The financial report includes a balance sheet, an income statement, a statement of changes in equity, a cash flow statement, and notes comprising a summary of significant accounting policies and other explanatory notes.
The purpose of an audit is to form a view on whether the information presented in the financial report, accurately reflects the financial position of a company at a given date – say at the end of the financial year. When examining the financial report, auditors must follow auditing standards which are set by a government body. Once auditors have completed their work, they write an audit report, explaining what they have done and giving an opinion drawn from their work (PwC).
Must a law firm be audited?
There’s no doubt that lawyers hold a certain degree of trust. So much so that as officers of the law, clients trust that their lawyer’s legal advice, opinion, and representation will always serve their best interests.
There is an unspoken fact that when a client entrusts money handed over to their lawyer, it’s not only safeguarded and protected according to the highest standards but that it will be properly accounted for according to all legislative requirements, rules, regulations, and codes of conduct. The same applies to the financial affairs of the law firm itself.
It therefore stands to reason that in the eyes of the public – it’s a fait accompli – that a law firms own financial records are accounted for, declared and audited according to accepted accounting practices, rules, regulations and codes of conduct.
It seems almost an obvious conclusion at this point – but Law firms are indeed required to have their firm audited.
Sec 86(1) of the Legal Practice Act 28 of 2014 (the LPA) states that all legal practitioners (as referred to in Sec 84(1)) must operate a trust account.
In operating a trust account, there is a requirement to have that trust account audited – set out in Sec 87((1) and 87(2) of the LPA –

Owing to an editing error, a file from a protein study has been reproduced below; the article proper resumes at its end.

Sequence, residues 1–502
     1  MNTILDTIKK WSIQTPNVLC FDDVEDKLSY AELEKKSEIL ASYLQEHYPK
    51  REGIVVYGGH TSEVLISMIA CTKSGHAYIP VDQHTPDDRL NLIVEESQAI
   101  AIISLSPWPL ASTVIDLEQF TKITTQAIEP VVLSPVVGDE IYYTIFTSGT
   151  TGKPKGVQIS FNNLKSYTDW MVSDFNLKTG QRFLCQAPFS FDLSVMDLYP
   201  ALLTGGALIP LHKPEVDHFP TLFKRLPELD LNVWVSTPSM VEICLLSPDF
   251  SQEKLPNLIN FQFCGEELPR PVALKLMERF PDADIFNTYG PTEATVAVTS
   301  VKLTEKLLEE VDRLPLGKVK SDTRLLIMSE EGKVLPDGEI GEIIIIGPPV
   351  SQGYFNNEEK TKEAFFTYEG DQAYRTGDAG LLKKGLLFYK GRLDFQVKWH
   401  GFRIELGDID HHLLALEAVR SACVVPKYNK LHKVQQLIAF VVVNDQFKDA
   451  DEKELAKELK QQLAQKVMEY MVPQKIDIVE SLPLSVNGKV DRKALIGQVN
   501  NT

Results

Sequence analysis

“87. (1) A trust account practice must keep proper accounting records containing particulars and information in respect of— (a) money received and paid on its own account; (b) any money received, held or paid on account of any person; (c) money invested in a trust account or other interest-bearing account referred to in section 86; and (d) any interest on money so invested which is paid over or credited to it. (2) (a) The Council or the Board may, itself or through its nominee, at the cost of the Council or the Board, inspect the accounting records of any trust account practice in order to satisfy itself that the provisions of section 86 and subsection (1) are being complied with.”
The requirement to be audited is further confirmed in the Legal Practice Council Rules at Rule 54.1 to 54.30.
In fact, according to a pamphlet regarding the opening and operating of a law firm by the Law Society –
“In terms of Rule 54, every firm must submit an audit report to the LPC annually. A firm that commences practice for the first time must submit the report within six months of starting a practice, covering the first four months of practice.”
Lastly, just to drive home the point – according to the ‘Engagements on Legal Practitioners’ Trust Accounts’ (revised March 2020), issued by the Independent Regulatory Board for Auditors in March 2020, an audit as envisaged by both the Act and Rules of the Legal Practice Council, is “a reasonable assurance engagement within the scope of the International Standard on Assurance Engagements (ISAE) 3000 (Revised)”.
Suffice it to say that Holly will need to ensure that her trust account practice implements adequate internal controls to ensure that there is compliance with the Rules whilst also ensuring that all trust funds are protected and safeguarded (Rule 54.14.7).
There are a lot of attorneys who have the software packages in place but are just not sure how to fully use them, what everything does and how they can optimise their practice to ensure that it is performing with accuracy and reliability.
But, with the help of AJS, your practice (regardless of its size) can (and will) succeed.
We will continue going through tips, answering your FAQ’s, and providing you with information that will better equip the everyday user of legal tech, like you and like Holly, to achieve a state of Work Zen.
It’s all easy. If you know how… Just ask us.